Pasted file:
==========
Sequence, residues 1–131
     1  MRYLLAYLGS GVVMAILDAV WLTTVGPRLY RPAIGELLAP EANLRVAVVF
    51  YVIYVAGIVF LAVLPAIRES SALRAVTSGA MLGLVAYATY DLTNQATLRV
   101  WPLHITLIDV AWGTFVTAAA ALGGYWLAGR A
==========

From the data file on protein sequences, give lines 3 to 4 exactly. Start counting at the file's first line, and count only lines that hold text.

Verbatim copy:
    51  YVIYVAGIVF LAVLPAIRES SALRAVTSGA MLGLVAYATY DLTNQATLRV
   101  WPLHITLIDV AWGTFVTAAA ALGGYWLAGR A